When you self-publish, you’re your own marketer and business operator. You’ll still need cover art. You’ll need copy editing, no matter how good you think you are. That’s expensive. You sell e-books and you set the price. $3.99? $7.99? There’s no easy number. There’s no floor on the number of copies that you sell. You might sell zero copies, whereas if you’d used a reputable publisher, you have a floor at a few thousand. Expectations are probably lower, and the money can be better. You don’t have to worry about losing a writing career if you self-publish and fail to “earn out” your advance, because there is no advance. On the other hand, if you don’t sell anything, you don’t make anything– again, because there’s no advance.

What makes the decision difficult is that you have to choose, on very little information, what publication strategy you want to pursue. You can’t try one, then the other. If you self-publish and get 2500 copies out there, you’ve done very well. Yet a trade publisher will think that those 2500 “came out of” what the book is capable of doing. (I don’t buy this, and I can make a strong mathematical argument against it, but I don’t make the rules.) They’ll be nervous about editing a book that has loyal readers. So, if you self-publish, then trade publication becomes nearly impossible– even if your book is very good and sells well. With a multi-book series, this is an even bigger concern. Self-publishing the first book might lock out trade publication in general for the entire series. Current trends suggest that self-publishing will grow in prestige and effectiveness, but to self-publish a series is to bet on this.

Trade publishing also has more prestige. Most published books make very little money, but it’s a great line on a résumé in most careers. Self-publishing doesn’t have that cachet, because anyone can do it. That doesn’t mean that it isn’t worth doing. There are great self-published books out there. In fact, some people make more money self-publishing than they ever would if they used traditional publishers, because the royalties are more favorable. It’s just harder to convince people to read a $4.99 e-book than to buy a block of paper and dye for $17.99. The publisher gets the first couple thousand readers, but the self-publisher has to go out and get every single one.

Oddly enough, trade publishing seems to have the advantage at the very bottom and very top of the spectrum of what’s publishable. The worst books (“0-4”) can’t be traditionally published at all, unless written by celebrities like a certain corpulent exhibitionist who copped a $3-million advance. (I don’t think that she wrote a 4. Judging from her TV show, I think she’s capable of more. I’m saying that she could write a 4 and it would still sell.) The bottom-tier publishable books (“5-6”) benefit greatly from having a trade publisher. The writer gets to learn from a competent editor (and might hit 7+ later on, as his skills improve) and the accolade of being traditionally published has some value. The middle-tier publishable books (“7-8”) might do better with self-publishing. Why? I’ll explain that, below. The top-tier publishable books (“9-10”) could probably be fine either way, but trade publishing wins again. Why? Well, they get different treatment. If you convince a publisher that your book is 9-10, they’ll move hell and earth to make you a best-seller. If you wrote nonfiction, you’ll get invited to talk at TED– the main one, not TEDx. You’ll have the best team working on the title and every editor will be using every personal relationship and resource to make your title succeed. You’ll be sick of having to fly out for TV spots, but those will drive sales. You’ll be reviewed everywhere. You’ll have a six-figure marketing budget behind your title. If the editor has a teenage son who is an intern at HBO, that son will leave 20 copies around the office and you may get a movie deal.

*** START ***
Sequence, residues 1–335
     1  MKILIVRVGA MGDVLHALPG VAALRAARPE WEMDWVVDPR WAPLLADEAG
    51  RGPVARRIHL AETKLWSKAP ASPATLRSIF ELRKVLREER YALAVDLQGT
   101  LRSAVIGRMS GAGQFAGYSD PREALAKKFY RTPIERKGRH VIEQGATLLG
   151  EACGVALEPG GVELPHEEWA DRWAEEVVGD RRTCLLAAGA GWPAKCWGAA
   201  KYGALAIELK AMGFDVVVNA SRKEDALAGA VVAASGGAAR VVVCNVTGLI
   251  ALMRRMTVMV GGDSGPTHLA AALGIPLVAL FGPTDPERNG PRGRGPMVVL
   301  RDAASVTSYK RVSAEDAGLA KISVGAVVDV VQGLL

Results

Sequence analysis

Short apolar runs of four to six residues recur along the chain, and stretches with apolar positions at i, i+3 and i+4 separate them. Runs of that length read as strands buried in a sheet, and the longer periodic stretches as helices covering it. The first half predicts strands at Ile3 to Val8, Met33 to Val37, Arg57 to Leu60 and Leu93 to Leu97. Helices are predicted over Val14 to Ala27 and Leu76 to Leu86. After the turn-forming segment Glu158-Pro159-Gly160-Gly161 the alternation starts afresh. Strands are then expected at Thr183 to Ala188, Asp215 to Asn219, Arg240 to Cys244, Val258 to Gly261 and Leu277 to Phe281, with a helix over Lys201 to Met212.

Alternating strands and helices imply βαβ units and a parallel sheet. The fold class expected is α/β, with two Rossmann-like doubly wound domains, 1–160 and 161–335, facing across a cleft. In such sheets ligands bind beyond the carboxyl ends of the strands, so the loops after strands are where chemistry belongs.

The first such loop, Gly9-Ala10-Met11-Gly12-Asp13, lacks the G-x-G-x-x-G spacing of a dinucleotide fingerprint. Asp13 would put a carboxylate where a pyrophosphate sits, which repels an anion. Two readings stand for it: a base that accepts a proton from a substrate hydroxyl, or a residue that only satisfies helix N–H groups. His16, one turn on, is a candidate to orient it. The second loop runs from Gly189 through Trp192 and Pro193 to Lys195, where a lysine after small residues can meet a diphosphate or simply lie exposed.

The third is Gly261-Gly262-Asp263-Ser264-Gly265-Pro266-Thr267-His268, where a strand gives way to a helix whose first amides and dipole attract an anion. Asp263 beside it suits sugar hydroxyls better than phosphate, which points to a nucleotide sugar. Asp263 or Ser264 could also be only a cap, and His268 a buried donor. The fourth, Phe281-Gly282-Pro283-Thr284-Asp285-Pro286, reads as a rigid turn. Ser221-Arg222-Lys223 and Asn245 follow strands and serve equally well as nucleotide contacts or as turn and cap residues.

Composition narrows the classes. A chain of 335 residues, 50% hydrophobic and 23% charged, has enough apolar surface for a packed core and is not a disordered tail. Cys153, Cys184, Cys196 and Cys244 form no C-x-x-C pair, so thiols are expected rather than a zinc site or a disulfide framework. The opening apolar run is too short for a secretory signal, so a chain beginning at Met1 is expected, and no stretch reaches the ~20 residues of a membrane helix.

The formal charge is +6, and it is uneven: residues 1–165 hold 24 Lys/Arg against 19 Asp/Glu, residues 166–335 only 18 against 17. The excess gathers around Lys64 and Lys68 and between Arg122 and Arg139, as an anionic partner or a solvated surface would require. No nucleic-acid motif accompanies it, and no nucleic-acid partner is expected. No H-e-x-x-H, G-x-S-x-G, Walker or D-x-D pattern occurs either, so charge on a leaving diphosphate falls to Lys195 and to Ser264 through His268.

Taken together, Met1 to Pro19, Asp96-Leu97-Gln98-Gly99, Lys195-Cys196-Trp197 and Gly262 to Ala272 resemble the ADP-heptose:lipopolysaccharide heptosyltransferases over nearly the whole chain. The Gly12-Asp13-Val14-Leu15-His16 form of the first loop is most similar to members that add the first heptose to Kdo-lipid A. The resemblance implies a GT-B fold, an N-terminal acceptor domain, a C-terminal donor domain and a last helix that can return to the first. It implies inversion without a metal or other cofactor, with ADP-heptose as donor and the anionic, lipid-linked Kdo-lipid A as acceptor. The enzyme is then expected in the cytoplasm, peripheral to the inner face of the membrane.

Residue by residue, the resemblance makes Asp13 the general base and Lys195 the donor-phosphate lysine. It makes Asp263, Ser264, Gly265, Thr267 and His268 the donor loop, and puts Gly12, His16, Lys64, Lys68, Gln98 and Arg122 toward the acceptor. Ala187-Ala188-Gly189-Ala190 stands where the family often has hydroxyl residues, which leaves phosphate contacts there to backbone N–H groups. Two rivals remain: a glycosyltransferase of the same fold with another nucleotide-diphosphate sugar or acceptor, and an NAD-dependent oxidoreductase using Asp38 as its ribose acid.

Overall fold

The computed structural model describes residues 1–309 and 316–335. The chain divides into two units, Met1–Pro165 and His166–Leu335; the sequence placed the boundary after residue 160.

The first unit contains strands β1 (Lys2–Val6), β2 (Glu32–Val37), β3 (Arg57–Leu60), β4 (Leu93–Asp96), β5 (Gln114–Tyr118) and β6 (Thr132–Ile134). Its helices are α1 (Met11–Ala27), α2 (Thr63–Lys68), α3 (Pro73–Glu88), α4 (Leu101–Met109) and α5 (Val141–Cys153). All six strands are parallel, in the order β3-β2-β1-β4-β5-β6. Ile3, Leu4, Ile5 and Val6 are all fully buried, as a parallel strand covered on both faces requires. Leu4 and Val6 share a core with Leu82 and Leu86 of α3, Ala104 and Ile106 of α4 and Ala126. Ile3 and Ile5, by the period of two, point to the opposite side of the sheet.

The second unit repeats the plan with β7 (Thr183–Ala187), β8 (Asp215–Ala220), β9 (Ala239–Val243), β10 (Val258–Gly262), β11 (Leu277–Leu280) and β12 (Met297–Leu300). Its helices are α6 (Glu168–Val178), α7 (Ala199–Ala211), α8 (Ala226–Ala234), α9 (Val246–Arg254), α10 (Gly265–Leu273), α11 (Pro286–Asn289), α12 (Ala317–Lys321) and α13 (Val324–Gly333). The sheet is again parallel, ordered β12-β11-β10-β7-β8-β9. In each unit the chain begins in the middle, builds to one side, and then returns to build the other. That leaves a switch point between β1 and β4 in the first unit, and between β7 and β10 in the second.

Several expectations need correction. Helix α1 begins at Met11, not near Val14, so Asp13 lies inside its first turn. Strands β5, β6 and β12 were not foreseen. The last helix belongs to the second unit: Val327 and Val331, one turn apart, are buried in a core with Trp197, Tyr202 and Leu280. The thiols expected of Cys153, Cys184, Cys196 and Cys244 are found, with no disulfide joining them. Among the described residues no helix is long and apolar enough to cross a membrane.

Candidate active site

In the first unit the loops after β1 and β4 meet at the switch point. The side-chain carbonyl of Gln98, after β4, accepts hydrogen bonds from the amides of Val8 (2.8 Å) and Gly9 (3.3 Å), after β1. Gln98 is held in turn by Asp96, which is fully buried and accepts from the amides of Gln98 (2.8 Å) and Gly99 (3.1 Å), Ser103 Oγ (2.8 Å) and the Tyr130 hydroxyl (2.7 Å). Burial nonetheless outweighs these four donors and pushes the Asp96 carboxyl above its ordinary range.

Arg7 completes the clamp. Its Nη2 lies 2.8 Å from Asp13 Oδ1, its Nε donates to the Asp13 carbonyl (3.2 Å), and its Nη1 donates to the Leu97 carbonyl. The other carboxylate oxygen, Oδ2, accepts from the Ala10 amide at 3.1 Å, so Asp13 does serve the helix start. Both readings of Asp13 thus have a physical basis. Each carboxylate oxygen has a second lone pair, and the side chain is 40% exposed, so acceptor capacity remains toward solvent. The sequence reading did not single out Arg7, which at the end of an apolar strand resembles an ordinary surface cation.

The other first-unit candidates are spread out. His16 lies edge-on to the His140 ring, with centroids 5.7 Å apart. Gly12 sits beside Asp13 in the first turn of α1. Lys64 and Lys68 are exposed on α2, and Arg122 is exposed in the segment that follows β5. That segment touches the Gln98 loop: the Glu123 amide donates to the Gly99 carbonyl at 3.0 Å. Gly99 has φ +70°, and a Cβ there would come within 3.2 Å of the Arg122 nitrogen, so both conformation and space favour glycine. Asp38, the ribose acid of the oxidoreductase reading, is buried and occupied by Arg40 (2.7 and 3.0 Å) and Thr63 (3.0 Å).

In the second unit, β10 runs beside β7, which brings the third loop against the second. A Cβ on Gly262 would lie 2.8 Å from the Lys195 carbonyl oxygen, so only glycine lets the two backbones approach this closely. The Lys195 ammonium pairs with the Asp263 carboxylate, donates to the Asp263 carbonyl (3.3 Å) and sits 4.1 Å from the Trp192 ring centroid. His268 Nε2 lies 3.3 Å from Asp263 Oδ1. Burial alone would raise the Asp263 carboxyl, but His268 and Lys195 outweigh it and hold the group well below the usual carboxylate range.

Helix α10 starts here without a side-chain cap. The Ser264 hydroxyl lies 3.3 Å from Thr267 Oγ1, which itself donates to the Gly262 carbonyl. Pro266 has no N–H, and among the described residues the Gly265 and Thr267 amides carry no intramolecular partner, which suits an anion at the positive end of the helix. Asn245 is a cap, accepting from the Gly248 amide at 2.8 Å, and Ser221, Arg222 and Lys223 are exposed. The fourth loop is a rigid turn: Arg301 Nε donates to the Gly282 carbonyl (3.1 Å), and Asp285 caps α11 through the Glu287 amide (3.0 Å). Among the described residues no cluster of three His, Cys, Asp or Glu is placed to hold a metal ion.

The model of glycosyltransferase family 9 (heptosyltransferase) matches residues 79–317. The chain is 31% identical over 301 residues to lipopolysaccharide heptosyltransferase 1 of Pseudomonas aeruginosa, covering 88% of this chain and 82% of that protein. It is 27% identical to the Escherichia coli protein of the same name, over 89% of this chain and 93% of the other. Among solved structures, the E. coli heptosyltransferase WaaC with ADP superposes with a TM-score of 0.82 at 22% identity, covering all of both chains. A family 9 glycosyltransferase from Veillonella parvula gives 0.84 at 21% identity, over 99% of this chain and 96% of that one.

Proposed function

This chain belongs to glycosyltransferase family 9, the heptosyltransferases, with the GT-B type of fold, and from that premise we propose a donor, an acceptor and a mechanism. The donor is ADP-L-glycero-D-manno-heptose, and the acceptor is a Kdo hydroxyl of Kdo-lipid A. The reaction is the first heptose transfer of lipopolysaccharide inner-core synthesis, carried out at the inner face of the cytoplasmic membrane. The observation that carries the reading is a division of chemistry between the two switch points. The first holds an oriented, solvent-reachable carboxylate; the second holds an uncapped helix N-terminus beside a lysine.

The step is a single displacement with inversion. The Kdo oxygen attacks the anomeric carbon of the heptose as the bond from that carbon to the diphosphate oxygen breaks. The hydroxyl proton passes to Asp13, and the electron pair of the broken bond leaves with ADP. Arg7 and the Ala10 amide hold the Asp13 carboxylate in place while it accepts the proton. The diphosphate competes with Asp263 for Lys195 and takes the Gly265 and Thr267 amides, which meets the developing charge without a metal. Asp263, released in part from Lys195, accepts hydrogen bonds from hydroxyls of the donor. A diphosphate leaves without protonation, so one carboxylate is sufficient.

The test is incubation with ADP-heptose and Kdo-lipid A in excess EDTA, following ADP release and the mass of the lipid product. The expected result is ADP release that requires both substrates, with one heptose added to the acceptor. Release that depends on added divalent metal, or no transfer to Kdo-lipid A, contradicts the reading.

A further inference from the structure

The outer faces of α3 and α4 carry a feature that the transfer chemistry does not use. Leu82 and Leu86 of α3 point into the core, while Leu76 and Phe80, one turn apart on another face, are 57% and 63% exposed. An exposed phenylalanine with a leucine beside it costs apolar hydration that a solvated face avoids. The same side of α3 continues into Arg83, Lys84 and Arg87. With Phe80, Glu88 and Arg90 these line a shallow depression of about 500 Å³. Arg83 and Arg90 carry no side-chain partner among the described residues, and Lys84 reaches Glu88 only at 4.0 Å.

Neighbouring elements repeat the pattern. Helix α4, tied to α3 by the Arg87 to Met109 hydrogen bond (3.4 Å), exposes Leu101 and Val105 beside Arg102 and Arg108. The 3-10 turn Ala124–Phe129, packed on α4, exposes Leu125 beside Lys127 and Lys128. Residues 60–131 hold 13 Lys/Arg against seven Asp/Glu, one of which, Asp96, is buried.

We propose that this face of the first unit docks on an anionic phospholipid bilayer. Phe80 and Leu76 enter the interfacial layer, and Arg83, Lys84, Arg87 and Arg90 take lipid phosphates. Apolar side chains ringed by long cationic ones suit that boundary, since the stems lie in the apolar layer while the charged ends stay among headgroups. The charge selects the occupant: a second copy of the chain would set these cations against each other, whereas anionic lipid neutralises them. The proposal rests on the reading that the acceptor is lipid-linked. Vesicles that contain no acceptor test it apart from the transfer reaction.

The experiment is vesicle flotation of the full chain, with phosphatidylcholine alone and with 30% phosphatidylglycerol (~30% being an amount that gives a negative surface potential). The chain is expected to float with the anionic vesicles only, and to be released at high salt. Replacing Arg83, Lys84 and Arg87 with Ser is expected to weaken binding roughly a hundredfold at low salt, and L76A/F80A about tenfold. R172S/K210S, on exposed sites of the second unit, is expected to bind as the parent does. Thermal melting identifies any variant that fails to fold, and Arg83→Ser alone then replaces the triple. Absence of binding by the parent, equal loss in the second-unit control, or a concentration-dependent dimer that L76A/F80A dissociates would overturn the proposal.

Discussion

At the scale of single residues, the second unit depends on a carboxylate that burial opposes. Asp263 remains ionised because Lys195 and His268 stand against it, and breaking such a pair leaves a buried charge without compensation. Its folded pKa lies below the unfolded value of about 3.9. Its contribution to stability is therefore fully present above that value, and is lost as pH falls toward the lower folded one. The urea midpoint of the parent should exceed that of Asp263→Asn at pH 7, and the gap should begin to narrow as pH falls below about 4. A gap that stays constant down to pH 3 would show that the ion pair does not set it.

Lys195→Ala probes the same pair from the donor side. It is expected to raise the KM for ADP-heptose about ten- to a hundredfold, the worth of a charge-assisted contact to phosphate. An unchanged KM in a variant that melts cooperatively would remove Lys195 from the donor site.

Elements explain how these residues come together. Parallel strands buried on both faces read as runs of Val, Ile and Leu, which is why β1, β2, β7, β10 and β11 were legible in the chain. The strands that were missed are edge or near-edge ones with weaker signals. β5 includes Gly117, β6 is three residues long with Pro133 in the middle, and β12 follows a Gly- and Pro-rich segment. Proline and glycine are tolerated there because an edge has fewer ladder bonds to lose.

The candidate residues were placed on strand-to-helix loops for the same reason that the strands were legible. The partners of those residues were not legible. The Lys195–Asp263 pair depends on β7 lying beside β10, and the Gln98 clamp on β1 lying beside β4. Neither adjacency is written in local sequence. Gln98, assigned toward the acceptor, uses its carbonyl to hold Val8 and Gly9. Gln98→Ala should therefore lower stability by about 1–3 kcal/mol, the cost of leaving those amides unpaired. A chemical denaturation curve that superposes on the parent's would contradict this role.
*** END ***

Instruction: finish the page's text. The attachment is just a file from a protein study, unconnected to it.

At 5-6, your book is probably not good enough to start a word-of-mouth epidemic (unless its trashy or campy or broken in a viral-friendly way like 50 Shades) so trade publishing gets you a couple thousand copies and a physical block of paper to use as a trophy. If you can get the 9-10 treatment, it’s really worth it to put up with the delays and (in that case, slight) reduction in creative control that come with traditional publishing. At 7-8, though? I think that self publishing probably wins: more control, more points on the package, better timeframe. At 7-8, you don’t need the validation that a 5-6 would seek, because you know that you’re good; on the other hand, you’re not likely to be getting that special “9-10” treatment that makes it worthwhile to hand over control on pricing, distribution, cover art, title, and various things that publishers do but that will affect your sales and reputation. A first-time writer who hits 8 is probably going to get the same mediocre treatment as one who hits a 5. Yet a self-published 5 isn’t going to move much, and a self-published 8 might do well enough receive interest from traditional publishers (but, sadly, not on that title or series) if the results match the quality of writing.